The decision to abolish the Junior Certificate of Education (JCE) examinations has backfired following the Ministry of Education’s failure to implement its own resolutions, Nation on Sunday can report.
Education experts, who were opposed to this, say they have been vindicated on how ill-conceived the decision was. The activists also blame poor performance in the Malawi School Certificate of Education (MSCE) on the removal of JCE.
In a press statement issued to justify the abolition of JCE in 2015, the ministry, among other things, promised to award certificates of completion to all unsuccessful candidates.
“Successful candidates shall be awarded an MSCE certificate as is the case now while the unsuccessful candidates shall be awarded a certificate of completion which will recognise that the holder went through and completed secondary education,” reads the statement in part.
Our findings show that about 124 000 unsuccessful candidates in 2017 and 2018 are yet to receive certificates of completion. Added to this year’s figure of unsuccessful candidate, the number of deserving students comes to over 170 000.
Asked to explain why government has not lived up to its promise three years after phasing out the examinations, Minister of Education William Susuwele Banda pushed the issue to Malawi National Examinations Board (Maneb).
When contacted, Maneb executive director Gerald Chiunda expressed surprise that the ministry had pushed the matter to them, saying Maneb is not aware of the resolution to award certificates of completion. He further indicated that even if they were aware, they cannot issue certificates because the law does not permit them.
“The law only allows us to issue certificates to successful candidates; therefore, we cannot issue certificates of completion. If that was the direction of the ministry then they are better-placed to clarify; otherwise, the law does not allow us,” he said.
The contradiction between the ministry and Maneb—two key institutions in the administration of examinations—further exposes the weakness to the decision to abolish JCE.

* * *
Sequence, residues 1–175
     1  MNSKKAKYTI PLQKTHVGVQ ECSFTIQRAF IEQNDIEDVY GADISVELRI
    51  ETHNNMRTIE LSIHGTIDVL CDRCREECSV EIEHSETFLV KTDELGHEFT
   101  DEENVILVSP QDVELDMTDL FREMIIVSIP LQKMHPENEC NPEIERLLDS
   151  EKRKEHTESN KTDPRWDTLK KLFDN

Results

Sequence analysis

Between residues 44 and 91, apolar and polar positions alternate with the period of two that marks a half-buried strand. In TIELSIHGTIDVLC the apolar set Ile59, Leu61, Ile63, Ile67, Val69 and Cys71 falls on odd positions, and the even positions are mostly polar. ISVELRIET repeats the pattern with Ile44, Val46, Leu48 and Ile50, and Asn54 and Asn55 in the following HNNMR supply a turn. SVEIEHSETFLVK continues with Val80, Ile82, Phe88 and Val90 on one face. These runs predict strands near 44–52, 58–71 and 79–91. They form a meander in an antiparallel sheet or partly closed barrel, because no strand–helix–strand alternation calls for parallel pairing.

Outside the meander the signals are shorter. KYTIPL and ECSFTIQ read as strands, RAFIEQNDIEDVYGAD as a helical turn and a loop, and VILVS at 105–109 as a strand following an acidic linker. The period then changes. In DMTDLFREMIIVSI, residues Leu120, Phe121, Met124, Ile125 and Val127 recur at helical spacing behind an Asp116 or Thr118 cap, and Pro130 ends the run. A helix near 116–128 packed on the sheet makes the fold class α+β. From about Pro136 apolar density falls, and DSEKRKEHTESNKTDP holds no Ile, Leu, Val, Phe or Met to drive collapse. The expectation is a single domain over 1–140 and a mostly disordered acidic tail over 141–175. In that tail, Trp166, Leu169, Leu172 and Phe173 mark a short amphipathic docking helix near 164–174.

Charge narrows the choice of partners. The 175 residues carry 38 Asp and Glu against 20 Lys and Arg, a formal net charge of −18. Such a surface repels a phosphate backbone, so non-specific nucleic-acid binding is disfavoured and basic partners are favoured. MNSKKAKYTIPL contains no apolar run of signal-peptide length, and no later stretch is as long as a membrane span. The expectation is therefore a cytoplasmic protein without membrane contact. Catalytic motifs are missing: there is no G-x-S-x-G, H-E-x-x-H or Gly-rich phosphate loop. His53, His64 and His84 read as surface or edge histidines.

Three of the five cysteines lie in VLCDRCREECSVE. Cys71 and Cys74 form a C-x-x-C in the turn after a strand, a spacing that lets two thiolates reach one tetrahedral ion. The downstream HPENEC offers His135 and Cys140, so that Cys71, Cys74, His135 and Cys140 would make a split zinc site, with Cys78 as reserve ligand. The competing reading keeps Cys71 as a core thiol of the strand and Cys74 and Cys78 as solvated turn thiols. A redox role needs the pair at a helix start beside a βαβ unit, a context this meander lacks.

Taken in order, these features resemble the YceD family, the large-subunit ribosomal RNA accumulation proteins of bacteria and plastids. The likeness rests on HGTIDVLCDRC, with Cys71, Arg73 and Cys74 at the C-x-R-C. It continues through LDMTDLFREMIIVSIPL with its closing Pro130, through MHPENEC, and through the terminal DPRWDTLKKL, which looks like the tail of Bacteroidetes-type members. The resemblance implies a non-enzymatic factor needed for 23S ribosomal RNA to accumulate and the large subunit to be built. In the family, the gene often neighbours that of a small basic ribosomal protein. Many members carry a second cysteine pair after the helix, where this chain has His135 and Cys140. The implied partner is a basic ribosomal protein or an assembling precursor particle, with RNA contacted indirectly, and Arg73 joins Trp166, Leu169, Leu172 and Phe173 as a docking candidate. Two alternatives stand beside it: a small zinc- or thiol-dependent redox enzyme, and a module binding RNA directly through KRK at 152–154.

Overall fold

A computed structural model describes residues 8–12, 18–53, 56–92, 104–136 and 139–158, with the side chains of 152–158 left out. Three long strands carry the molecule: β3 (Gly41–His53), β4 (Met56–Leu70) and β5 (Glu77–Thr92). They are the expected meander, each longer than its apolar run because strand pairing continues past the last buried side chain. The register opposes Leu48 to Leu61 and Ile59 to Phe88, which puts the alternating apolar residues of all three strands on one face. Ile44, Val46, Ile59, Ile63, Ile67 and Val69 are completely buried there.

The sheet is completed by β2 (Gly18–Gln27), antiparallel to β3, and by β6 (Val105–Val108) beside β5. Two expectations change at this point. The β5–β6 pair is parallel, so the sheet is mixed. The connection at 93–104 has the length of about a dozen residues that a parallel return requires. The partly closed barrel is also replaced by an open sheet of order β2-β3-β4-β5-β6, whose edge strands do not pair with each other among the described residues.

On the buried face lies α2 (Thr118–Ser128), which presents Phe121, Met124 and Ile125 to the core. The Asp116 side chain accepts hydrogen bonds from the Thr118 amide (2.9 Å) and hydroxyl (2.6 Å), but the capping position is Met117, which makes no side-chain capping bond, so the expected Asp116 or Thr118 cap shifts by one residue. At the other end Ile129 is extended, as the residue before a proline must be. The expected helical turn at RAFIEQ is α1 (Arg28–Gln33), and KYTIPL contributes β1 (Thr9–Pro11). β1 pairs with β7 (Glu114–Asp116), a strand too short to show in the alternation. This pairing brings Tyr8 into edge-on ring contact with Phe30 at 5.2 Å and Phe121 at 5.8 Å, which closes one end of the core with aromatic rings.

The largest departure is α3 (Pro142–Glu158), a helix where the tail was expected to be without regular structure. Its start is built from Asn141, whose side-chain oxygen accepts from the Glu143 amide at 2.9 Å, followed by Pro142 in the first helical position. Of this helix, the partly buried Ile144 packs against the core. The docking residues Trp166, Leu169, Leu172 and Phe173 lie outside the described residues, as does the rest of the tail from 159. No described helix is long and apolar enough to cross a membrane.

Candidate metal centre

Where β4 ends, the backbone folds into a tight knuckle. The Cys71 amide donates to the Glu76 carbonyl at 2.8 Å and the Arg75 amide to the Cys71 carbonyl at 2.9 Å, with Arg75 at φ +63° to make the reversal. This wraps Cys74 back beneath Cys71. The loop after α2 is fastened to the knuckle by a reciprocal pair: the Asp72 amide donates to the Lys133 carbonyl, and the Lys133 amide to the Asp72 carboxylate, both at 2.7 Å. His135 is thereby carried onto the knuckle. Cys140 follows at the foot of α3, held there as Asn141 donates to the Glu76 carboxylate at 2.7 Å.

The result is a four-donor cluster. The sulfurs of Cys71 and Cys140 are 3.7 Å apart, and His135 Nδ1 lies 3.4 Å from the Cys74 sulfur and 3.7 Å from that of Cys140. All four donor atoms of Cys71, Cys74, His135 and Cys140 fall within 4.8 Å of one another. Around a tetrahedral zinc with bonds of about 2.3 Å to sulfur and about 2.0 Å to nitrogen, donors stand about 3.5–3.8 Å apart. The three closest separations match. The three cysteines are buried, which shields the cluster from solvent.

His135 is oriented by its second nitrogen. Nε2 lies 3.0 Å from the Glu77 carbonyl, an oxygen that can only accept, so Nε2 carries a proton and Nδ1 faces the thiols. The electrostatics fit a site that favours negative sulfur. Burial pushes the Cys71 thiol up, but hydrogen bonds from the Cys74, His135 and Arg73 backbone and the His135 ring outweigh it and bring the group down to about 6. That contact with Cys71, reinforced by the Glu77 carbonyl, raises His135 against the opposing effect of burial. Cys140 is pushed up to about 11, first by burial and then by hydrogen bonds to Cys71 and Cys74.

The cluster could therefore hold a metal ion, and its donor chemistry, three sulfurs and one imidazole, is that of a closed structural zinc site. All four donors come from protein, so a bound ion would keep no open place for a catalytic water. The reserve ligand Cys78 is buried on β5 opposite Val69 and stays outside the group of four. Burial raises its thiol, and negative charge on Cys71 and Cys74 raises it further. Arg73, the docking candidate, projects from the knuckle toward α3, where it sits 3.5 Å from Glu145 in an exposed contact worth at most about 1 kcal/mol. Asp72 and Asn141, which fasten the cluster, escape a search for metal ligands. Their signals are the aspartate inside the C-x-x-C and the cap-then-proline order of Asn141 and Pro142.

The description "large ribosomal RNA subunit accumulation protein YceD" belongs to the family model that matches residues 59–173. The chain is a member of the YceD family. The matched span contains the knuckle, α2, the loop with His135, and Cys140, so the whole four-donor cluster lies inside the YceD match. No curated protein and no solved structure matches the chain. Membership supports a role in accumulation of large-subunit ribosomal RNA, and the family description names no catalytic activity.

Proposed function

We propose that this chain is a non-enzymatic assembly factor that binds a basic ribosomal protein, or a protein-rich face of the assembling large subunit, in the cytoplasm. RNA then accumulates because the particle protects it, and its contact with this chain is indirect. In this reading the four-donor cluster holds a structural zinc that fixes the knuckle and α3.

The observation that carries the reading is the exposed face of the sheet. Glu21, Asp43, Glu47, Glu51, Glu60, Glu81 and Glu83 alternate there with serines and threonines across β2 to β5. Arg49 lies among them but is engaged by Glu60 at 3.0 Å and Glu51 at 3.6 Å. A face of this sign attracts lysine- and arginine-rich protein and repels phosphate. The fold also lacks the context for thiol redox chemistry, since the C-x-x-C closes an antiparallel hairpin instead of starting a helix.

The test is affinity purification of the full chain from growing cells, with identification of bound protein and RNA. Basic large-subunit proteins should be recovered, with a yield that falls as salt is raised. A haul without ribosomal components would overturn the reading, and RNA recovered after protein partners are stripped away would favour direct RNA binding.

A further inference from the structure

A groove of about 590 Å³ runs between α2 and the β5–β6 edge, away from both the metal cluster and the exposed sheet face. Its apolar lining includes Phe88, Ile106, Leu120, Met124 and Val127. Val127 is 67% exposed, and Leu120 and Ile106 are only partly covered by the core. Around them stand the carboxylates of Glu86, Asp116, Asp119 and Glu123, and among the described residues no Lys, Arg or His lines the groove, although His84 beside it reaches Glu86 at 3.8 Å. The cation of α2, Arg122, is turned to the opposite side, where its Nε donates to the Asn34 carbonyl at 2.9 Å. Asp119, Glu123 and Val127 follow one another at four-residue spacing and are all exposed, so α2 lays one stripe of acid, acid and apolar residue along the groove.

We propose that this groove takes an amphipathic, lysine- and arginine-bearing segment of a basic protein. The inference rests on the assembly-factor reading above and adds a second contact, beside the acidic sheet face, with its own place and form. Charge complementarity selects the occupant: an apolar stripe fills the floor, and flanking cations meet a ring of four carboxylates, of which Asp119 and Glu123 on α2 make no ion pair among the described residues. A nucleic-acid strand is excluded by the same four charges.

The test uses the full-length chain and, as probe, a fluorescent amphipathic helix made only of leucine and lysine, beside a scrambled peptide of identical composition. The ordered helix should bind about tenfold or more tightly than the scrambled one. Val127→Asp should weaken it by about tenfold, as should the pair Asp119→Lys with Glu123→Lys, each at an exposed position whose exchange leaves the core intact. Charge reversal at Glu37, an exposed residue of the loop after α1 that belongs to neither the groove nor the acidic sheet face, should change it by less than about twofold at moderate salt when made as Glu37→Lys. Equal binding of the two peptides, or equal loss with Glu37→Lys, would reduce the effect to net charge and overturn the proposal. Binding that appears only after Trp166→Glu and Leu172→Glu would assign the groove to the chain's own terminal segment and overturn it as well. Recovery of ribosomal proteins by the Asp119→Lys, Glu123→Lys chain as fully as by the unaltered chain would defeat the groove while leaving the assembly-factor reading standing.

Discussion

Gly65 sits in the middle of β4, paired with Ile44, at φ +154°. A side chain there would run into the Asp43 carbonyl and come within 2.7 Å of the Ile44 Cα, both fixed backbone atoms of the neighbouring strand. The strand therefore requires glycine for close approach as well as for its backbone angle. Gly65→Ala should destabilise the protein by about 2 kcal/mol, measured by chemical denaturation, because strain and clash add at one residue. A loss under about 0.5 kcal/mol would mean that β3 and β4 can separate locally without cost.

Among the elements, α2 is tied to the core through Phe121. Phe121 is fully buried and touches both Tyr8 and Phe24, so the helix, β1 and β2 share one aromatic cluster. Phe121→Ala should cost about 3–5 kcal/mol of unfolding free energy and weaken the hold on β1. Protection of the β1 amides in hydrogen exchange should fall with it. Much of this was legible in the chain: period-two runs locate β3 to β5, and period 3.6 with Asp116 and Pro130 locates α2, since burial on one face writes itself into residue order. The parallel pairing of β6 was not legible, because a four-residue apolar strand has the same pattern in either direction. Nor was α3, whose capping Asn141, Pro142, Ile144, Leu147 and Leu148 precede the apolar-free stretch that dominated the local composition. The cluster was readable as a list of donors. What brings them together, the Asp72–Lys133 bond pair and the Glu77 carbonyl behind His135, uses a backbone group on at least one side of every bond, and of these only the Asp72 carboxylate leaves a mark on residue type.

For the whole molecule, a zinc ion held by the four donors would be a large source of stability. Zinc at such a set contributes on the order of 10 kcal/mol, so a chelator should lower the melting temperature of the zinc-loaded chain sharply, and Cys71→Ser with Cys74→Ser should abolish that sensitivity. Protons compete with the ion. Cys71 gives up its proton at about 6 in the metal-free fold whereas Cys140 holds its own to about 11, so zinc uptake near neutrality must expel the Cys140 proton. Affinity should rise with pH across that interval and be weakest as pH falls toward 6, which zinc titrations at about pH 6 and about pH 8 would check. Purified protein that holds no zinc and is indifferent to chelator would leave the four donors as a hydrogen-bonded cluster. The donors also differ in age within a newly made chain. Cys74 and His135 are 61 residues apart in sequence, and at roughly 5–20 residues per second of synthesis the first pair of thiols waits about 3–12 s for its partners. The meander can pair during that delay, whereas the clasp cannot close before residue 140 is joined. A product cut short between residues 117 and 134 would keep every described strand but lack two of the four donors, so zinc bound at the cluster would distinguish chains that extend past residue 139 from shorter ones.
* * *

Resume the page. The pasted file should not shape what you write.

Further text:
In an interview with Nation on Sunday, the minister said government is consulting on whether to re-introduce the examinations, saying if JCE is re-introduced, there will be no need to issue certificates of completion.
This means that if government starts administering JCE again, the three cohorts of students—between 2017 and 2019—will have no JCE certificate and it is not known how government will compensate those students.
Civil Society Education Coalition (Csec) executive director Benedicto Kondowe questioned the timing of the abolition.
“It is evident that the ministry was not thoroughly prepared for this process. You will recall that Csec had cautioned the ministry that the developments leading to the abolition of JCE had shown that the state of preparedness was [questionable],” said Kondowe.
African Institute for Development Policy (Afidep), educationist Steve Sharra said the nation deserves an explanation why government has not lived by its plan to issue such certificates, which he said, were an incentive to unsuccessful students.
“It would also be helpful for government statistics on education attainment. The fact that not a single certificate has been issued is regrettable. It affects individuals concerned, but it also skews national statistics on education attainment. The Ministry of Education needs to update the nation on this,” said Sharra.
The ministry also said it would promote continuous assessment from Form One to Form Four so that students do not relax in the absence of JCE.
In order to promote continuous assessment, the ministry said it will strengthen the cluster examination system to be part of secondary school teacher development activity and students learning hubs.
Random interviews with teachers and district education managers (DEMs) show that there is a struggle to implement continuous assessment largely due to huge teacher-student ratio and also lack of materials such as books.
Further, schools cite lack of resources and pressure of work as stumbling blocks to administer cluster exams.
Another educationist, Limbani Nsapato, said implementation of continuous assessment needs strengthening since many schools are either not complying “or they lack the capacity to do so”.
“Complications also came about with the introduction of a new secondary school curriculum, which required thorough orientation of teachers as well as adequate teaching and learning resources to facilitate implementation. Government needs vigorous monitoring to ensure compliance in all schools.
“In addition, there is need to ensure that all teachers [particularly the untrained ones] are well oriented on how to carry out the assessment,” he said.
The aim of abolishing JCE, according to the ministry, was to prepare students to be less exam-focused. But the experience so far, argues Nsapato, is far from this purpose.
The Minister of Education said his ministry is currently orientating teachers to competently handle continuous assessments.